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Collaborative Albums: Your World & My World

For every collaborative project that blooms into fruition, there are dozens proposed that die on the vine. Estranged N.W.A members Ice Cube and Dr. Dre were supposed to reunite in the mid-1990s for Helter Skelter, but all we received was 1994’s “Natural Born Killaz” single (appropriately venomous, it wasn’t the colossal effort the public craved). Ten years later, Cam’ron and R&B singer Jahiem were reportedly working on The Best of Both Hoods, but they only mustered “Lord You Know,” a video and single that never appeared on an album, and “More Reasons,” for Cam’s 2004 LP Purple Haze. More recently, 50 Cent mused about the possibility of making an entire album with Eminem—we’re still waiting for an update on that.

In most cases, talk about an exciting tag-team project starts with the rappers themselves. To no one’s surprise, people who earn their livelihood stringing together boasts and hyperbole are prone to wild speculation. Of course, it’s the atmosphere, too. With a million blogs, message boards and gossip sites to echo every unsubstantiated half-truth until it resonates with authenticity, a rapper’s casual remark to a camera crew filming a hood DVD can balloon into something resembling fact. “Artists usually agree to do [collaboration albums] on a bumping, passing mission in the club, with two bottles of Patron, three girls next to them and 50 dudes around them,” says Buckshot. “That’s why a lot of them do not go down.”

In the sober light of day, there are plenty of logistical difficulties that can put a tandem project on the shelf. Contractual obligations, tours and the erratic lifestyle that accompanies an entertainment career make it difficult for artists to sync up their schedules. Ghostface Killah and MF Doom started talking about their album Swift & Changeable way back in 2006, but after repeated recording delays, only a handful of tracks have materialized thus far. Such snags are commonplace. “There are at least four or five artists on our roster that have talked about making a collaboration album together,” says John Franck, senior vice president of marketing at E1 Music. “Unfortunately, these things don’t come together, because they’re moving on totally different planes.”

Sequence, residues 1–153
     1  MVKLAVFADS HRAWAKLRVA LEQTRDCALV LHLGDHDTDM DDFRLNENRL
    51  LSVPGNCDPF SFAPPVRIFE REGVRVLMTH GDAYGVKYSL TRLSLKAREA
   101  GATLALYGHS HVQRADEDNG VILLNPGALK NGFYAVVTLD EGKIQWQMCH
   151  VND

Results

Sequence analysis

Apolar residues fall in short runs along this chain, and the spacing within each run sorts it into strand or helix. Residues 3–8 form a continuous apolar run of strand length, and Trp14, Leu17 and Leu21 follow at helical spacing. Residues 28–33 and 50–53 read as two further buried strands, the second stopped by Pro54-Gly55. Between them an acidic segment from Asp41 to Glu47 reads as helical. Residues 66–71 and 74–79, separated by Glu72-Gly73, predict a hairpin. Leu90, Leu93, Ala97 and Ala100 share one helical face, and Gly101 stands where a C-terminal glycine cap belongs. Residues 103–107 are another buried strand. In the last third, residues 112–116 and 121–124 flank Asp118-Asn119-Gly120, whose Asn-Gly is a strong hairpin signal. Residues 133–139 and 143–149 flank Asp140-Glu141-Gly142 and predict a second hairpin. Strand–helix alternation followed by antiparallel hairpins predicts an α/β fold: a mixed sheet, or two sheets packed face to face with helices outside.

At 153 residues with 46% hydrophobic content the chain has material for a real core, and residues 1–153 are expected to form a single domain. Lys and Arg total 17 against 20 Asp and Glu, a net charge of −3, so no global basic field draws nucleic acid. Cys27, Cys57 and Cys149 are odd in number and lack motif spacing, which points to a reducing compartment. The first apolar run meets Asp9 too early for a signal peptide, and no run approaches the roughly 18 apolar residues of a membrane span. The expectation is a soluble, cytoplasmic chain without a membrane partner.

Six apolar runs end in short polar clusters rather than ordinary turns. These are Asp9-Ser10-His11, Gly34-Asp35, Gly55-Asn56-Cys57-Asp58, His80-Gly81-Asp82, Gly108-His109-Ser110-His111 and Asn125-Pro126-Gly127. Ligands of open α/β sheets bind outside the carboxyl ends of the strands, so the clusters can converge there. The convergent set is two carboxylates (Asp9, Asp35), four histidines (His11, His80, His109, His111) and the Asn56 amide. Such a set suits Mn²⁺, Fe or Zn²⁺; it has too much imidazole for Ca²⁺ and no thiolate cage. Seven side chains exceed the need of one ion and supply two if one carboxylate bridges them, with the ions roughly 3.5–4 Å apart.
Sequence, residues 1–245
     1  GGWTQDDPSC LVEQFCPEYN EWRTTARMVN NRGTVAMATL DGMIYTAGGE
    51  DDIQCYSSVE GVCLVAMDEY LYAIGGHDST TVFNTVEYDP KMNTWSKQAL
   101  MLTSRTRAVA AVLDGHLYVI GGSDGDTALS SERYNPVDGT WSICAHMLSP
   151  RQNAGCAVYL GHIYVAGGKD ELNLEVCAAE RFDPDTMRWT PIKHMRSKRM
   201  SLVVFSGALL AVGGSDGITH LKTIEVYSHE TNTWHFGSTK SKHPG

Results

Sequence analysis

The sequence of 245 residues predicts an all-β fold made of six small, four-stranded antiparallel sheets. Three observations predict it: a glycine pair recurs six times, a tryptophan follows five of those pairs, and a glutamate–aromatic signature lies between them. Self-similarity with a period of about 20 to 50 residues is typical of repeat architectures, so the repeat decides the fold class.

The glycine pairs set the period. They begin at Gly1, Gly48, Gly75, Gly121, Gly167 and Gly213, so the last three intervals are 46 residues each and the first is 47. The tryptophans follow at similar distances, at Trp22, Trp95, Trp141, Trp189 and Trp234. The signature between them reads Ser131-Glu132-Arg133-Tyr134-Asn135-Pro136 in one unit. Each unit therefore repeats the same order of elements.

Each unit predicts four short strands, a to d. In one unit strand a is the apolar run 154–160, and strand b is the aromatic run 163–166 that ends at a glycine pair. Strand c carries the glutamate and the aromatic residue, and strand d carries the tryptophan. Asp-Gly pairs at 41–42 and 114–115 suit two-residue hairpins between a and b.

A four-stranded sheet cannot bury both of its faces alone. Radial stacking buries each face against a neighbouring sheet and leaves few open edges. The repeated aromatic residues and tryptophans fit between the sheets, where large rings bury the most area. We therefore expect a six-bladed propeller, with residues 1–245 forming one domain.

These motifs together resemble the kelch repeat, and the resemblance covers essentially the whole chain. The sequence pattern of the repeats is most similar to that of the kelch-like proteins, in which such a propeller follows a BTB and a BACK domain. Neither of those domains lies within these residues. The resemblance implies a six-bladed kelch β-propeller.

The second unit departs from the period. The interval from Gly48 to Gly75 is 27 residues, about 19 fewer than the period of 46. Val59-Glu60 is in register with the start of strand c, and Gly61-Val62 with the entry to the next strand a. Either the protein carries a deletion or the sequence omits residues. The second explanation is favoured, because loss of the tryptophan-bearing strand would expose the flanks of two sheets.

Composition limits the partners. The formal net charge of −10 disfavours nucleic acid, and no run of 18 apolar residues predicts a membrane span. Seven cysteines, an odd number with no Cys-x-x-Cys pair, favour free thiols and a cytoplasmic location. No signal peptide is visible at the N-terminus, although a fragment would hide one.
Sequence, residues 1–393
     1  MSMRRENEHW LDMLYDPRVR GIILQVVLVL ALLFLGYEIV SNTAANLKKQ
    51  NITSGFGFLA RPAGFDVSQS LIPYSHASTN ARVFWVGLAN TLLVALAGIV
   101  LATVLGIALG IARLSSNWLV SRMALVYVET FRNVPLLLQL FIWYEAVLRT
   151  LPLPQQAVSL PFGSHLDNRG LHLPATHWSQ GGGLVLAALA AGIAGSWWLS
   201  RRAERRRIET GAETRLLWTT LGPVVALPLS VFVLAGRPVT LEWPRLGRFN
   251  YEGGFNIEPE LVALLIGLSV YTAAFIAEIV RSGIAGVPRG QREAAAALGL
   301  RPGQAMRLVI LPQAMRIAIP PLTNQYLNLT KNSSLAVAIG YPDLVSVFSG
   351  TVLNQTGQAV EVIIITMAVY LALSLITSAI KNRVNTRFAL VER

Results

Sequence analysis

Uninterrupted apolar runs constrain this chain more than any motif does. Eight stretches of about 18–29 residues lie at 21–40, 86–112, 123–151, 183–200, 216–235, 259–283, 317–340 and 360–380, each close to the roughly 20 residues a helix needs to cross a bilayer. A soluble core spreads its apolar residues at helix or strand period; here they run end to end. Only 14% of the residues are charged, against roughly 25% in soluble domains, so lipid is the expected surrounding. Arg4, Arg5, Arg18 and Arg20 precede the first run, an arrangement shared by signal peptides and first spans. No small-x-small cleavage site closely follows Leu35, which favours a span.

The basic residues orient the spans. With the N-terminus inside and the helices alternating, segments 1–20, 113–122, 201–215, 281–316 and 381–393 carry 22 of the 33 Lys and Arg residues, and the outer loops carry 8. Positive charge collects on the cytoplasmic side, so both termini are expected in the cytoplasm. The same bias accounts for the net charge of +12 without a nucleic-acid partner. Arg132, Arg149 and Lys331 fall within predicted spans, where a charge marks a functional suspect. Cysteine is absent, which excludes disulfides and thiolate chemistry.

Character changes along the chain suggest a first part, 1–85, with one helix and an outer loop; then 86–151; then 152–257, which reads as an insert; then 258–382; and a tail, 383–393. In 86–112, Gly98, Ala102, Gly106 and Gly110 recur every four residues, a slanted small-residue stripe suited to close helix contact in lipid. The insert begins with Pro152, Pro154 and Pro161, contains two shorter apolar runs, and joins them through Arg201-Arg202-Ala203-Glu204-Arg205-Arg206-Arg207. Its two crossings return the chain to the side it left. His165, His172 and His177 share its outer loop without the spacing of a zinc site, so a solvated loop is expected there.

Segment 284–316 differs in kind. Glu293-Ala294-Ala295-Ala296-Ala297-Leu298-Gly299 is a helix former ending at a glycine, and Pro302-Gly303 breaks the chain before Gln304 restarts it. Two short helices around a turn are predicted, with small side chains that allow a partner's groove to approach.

Even if a pair of rappers manage to finagle their schedules into lockstep, record labels are prone to put a kibosh on the project. Artists are investments, and the suits often aren’t so enthusiastic about committing their stables to risky endeavors wherein they’re unlikely to see 100 percent of the profits. “They got that mentality like Death Row had back then,” says Kurupt, referring to the powerful West Coast label that notoriously forbade him and other signees from working with rappers outside their immediate camp in the early 1990s. “They want to keep the artist all to themselves, because they don’t want to oversaturate or jeopardize the records they’re selling.”

You can expect an entanglement of bureaucratic red tape when record companies are charged with sorting out the details of a collaborative album; the question is how suffocating it will be. For albums that involve artists from different labels, negotiations determine which company will put out the project. Another sticking point is whether the album will count against an artist’s contractual commitment to the label. Then there’s the problem of figuring out who gets more compensation when artists of varying stature work together.